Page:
Chapter 2 - Zoe
St. Leonard’s Hospice was a 20-minute drive from Haxby. I travelled along the A64 in a haze towards the house I grew up in. Beyond my beaten-up Vauxhall Astra spanned stretches of sprawling road. The engine revved as I pushed on the acceleration and snaked through cars. In the background, the radio crackled indistinct lyrics. The volume was too low to make out which song was playing.
Halted at a set of traffic lights, I caught sight of my reflection in the rear-view mirror. Blotches of crimson peppered my skin, and mascara smeared around my swollen eyes. Horns beeped, signalling the green light. I just had time to wipe some of the blackness away with the end of my woollen jumper before I reached my destination.
As I approached the drive, I could see my father’s inky Ford. He’d made it back before me; lights illuminated the downstairs - signifying life.
Stepping inside felt like an imposition, even though it had once been my home too. Without my mum’s presence, the rooms felt colder, smaller - all too quiet. Her laughter could no longer be heard echoing through the hallways. Her silhouette no longer hastily flurrying around cleaning and tidying. Isn’t it strange how you only recall the good times when thinking back on a deceased loved one?
My eyes caught a glimpse of her favourite mug on the kitchen side. I’d bought it for her as a birthday present one year. It was adorned with metallic, gold feathers against a soft pink background, although some of the metallics had worn off. On the front were the words, ‘Mothers don’t sleep, they just worry with their eyes closed.’ I remember after she had opened it she said, “You know me so well, Zoe!”
I had. She was always a worrier. Ever since I was born, my mother, Grace, would be fretting over my every move. Learning how to swim, she was petrified that I’d drown. She never let me swim without her eyes burning into the back of my neck. All the other mothers would be nattering away to friends or buried deep into a book. Not my mum. She convinced herself that if she couldn’t see me, something bad would happen. Learning how to ride a bike was a nightmare.
“What if you fall off?” she’d say.
“Then I will just get back on,” I’d respond.
Once I had conquered the wheels and proven myself capable, she still wasn’t satisfied.
“Don’t go too fast or too far. Stay where I can see you.”
My innate clumsiness hadn’t helped. I still have scars scattered across my kneecaps. Even as a teenager, I had to be in eyesight.
“It isn’t you I don’t trust,” she’d say.
Her oppression wore on our relationship for a period because I let it, and the guilt of that swept through me – drowned me. Her precious, motherly concern was gone, and I longed for it – ached for it.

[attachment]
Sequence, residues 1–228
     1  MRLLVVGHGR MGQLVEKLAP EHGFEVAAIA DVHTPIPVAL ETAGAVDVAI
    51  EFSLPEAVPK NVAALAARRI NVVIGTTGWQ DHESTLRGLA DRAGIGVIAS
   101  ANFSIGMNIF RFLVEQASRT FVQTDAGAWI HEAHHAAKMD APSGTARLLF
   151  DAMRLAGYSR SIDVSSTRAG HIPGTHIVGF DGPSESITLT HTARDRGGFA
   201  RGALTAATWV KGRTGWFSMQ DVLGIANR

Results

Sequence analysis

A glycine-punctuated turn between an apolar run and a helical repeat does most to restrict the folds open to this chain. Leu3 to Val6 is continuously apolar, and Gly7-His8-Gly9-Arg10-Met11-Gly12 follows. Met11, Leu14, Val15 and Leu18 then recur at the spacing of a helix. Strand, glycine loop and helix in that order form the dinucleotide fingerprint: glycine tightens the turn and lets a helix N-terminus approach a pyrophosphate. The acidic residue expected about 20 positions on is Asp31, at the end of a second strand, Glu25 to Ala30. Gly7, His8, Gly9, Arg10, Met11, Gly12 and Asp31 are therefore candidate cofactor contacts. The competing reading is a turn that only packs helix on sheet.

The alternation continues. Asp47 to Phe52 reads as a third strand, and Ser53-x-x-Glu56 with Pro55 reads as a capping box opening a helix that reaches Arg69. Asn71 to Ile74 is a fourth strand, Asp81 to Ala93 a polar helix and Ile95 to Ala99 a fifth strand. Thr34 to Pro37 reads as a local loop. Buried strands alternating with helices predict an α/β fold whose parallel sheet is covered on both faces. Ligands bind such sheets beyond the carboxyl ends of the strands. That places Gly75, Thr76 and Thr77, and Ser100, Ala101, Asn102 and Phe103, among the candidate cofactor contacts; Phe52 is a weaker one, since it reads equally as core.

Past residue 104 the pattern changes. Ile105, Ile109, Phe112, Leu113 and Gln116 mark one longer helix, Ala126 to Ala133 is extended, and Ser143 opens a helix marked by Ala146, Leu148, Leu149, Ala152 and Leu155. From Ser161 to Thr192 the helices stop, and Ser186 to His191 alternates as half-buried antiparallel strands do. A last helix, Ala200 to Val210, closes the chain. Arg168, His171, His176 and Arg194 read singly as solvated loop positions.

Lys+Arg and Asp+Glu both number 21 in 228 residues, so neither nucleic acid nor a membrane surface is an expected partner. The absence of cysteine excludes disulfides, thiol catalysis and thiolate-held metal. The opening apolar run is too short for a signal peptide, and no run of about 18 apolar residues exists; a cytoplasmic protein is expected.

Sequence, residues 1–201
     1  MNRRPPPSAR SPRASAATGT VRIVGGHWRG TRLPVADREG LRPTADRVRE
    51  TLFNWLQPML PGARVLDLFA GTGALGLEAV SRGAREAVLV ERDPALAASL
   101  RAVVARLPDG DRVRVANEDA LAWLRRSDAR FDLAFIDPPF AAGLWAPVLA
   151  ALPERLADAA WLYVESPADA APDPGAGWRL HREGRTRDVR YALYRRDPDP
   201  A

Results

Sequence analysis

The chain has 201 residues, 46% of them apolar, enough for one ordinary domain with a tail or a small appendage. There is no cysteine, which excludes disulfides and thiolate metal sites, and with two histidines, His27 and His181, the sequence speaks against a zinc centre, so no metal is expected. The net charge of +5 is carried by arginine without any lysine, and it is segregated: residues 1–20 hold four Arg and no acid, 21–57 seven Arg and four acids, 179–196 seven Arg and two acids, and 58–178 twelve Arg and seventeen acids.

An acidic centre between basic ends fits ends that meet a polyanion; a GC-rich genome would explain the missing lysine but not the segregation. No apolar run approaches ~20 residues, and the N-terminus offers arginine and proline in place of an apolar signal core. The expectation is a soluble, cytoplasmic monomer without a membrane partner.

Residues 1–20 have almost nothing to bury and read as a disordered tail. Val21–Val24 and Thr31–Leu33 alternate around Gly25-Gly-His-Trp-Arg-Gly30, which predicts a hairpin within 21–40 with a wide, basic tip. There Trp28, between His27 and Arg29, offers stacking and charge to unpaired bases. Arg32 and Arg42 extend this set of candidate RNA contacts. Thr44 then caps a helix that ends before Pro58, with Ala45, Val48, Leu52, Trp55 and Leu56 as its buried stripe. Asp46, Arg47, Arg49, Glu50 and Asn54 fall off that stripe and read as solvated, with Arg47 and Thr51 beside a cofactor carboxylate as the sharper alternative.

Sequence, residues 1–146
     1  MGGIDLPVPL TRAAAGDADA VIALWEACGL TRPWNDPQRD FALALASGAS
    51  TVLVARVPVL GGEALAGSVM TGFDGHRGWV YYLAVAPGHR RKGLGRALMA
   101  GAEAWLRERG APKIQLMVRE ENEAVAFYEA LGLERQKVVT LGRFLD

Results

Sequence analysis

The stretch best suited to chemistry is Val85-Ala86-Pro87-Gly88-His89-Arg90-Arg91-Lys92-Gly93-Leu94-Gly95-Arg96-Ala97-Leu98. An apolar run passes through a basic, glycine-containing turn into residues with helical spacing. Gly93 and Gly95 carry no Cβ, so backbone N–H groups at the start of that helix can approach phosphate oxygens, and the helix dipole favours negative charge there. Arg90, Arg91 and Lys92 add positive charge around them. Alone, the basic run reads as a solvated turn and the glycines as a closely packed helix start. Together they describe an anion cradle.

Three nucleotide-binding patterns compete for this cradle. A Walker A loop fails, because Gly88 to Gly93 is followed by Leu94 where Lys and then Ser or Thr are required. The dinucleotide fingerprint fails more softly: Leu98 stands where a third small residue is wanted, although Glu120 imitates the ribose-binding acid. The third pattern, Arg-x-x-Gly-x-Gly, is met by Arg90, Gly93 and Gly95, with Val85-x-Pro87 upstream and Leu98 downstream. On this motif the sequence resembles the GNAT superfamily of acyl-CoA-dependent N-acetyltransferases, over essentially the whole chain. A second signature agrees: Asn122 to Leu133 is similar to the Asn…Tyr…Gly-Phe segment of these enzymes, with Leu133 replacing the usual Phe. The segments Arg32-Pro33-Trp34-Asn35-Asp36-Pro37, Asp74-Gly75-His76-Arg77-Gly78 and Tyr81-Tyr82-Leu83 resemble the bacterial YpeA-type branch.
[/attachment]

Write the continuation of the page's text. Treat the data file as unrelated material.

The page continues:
All those memories flooded my mind as I crept through her house, like an intruder. It was so strange seeing photographs hung on the walls of her smiling. I’d seen those photographs a million times, and I’d never looked at them the way I did then, frozen in time, alive, happy, healthy.
With the biggest smile, always adorned in red lipstick, surrounded by curled, blonde locks. I turned myself away and began sorting through her things.
One of the jobs I knew I’d have to do sooner or later was sorting through her clothes. There were items I wanted to keep for myself: an oversized jacket she’d loved in the ’80s and said she would give me one day, and of course her wedding dress – a puffy, lace meringue that was truly horrendous but somehow looked sensational in her wedding pictures.
Up to this point, my father, James, and I had floated about in our separate grieving bubbles. We’d never been tactile. All my life, my father had been on the fringes of my existence, tight-lipped but present, involved just enough to know me as a daughter but not enough to know me as a person. Death only magnified our awkwardness.
As I made my way up the stairs, my father intercepted me.
“Where are you going?” Despite having lived in Haxby for decades, an Irish accent still lingered on his tongue. The same accent that seduced my mother all those years ago.
I stopped my ascent, not looking him in the eye. “I want some of mum’s things.”
I could practically feel his forehead crinkling. “What things?” he questioned abruptly.
“Just some clothes, if that’s okay?”
When he didn’t badger me further, I pressed on, taking it as a sign of agreeance.
I continued up the stairs and headed to my mum’s bedroom. Browsing through her cluttered wardrobe, I feared I wouldn’t be able to find her infamous jacket, but right at the back, practically the last item (as it always is), was the shoulder-padded piece I was searching for. I immediately smiled as I pulled it out into the light. It smelt a little fusty, but it looked as gorgeous as I remembered. It had large lapels and sturdy gold buttons dotted down the front with marvellous puffed sleeves. I slipped it on, hugging it around me.
Then I began to weep.
I buckled over and let the sadness wash over me. I knew this day had been coming, but the realisation that my mother would never return hit me like a bulldozer. It was at that moment, I felt something scratch against my skin. I thought it was a label in the lining of the jacket, but when I took it off, I saw a hidden pocket inside and a piece of paper poking out. I stared at it for a few seconds, wondering what it could be before gently taking it out and unfolding it. The letter was addressed to me.